In a statement, Gunbuster said that employee welfare is the company’s “utmost concern”, that it complies with safety rules and is seeking to improve conditions. But it also says that “work accidents are a risk that can occur in various industries and work situations, without exception”.

Paskin: Trend Asia, a nongovernmental organization based in Jakarta, keeps track of deaths in Indonesian nickel facilities. From 2015 to 2022, the group recorded about eight fatalities a year on average. In 2023 alone, there were at least 17.

A few hours drive from Gunbuster, at a massive nickel industrial complex called the Indonesia Morowali Industrial Park, or IMIP, a group of Chinese and Indonesian workers were killed in an explosion in the early morning of last Christmas Eve.

Sky News anchor: Thirteen people have died and dozens more are injured after an explosion at a nickel plant in Indonesia.

ANC 24/7 anchor: The blast occurred early Saturday but the fire was extinguished only on Sunday.  

Campbell: Twenty-one people dead, 13 Indonesians, eight Chinese, which, even by the standards of industrial accidents in developing countries, is an astounding death toll and indicative that something went really horribly wrong.

Paskin: Representatives for IMIP, the industrial complex where the deadly explosion happened, said they are working on making improvements. In a statement on behalf of itself and its owner Tsingshan, IMIP said “safety is always our priority”, and that it “quickly required all enterprises to carry out safety risk screening and rectification” after the accident. On top of the fatalities and injuries to workers, Matt notes that nickel processing can also wreak havoc on the environment and create health hazards for local communities.  

Campbell: So when you do go to these places, one of the first things you notice is air pollution of a kind I have not seen anywhere other than Beijing before things were cleaned up a bit there. I mean, it's a kind of pea soup haze that weirdly changes color through the day. There is also dust everywhere which is from coal and from mine sites.  I actually spoke to the medical clinic in the town next to IMIP, and they talked about the alarming number of respiratory illnesses they see.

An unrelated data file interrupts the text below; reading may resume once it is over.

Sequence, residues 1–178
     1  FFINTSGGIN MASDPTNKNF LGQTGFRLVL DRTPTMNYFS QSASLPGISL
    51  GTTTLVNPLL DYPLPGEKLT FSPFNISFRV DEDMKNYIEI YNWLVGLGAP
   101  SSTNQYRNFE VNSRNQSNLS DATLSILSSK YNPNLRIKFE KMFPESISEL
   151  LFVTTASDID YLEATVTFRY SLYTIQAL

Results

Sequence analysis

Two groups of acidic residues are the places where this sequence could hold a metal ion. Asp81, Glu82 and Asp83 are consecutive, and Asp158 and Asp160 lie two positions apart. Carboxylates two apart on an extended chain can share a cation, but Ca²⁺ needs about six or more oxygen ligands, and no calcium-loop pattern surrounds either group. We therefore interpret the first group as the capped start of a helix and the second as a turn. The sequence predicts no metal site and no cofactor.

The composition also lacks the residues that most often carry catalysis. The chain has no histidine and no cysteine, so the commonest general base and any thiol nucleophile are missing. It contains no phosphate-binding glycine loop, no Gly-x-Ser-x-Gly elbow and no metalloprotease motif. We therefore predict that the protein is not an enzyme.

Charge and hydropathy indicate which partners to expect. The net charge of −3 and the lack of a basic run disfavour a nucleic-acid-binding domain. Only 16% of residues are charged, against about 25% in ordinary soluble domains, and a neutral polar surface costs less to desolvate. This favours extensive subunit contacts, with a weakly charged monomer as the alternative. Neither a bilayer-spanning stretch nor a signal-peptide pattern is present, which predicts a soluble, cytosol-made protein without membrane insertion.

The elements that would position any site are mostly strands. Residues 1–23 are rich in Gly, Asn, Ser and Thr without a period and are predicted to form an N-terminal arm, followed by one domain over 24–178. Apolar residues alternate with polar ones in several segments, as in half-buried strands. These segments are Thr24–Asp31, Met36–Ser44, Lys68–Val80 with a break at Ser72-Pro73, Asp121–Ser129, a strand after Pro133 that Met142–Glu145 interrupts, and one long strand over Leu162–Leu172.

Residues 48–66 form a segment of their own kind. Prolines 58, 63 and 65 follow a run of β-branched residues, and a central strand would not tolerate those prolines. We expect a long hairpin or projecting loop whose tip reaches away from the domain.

Paskin: Nickel industry managers say they’re mitigating, and compensating for, their environmental impact. IMIP, where the Christmas Eve explosion happened, said it monitors air pollution to ensure compliance with Indonesian rules. IMIP’s managing director told Matt and Annie that ultimately, it’s a simple question.

Campbell: As he put it, “do you want to pay twice as much for a car?” This all has a cost and that cost gets fed through. If you want to zoom out and make a bigger argument, is it better that the world gets onto EVs or not? And the world is only going to get onto EVs if they're affordable. So we need to make sure the nickel is as cheap as possible. You know, I think that's a totally legitimate argument. I'm not sure what the right answer is.

Paskin: After the break, what do the big automakers have to say about the conditions in the nickel industry. And is there a better way to get the nickel that EVs need?

Paskin: Bloomberg’s Matt Campbell says that in most cases, auto manufacturers don’t source battery materials directly. It’s difficult if not impossible to trace the metal in any given car to any specific nickel facility. Our reporting indicates that car companies like Tesla, BMW, Ford, General Motors, Hyundai, Stellantis and Toyota are probably relying on Indonesian nickel – or if they aren’t yet, they will soon.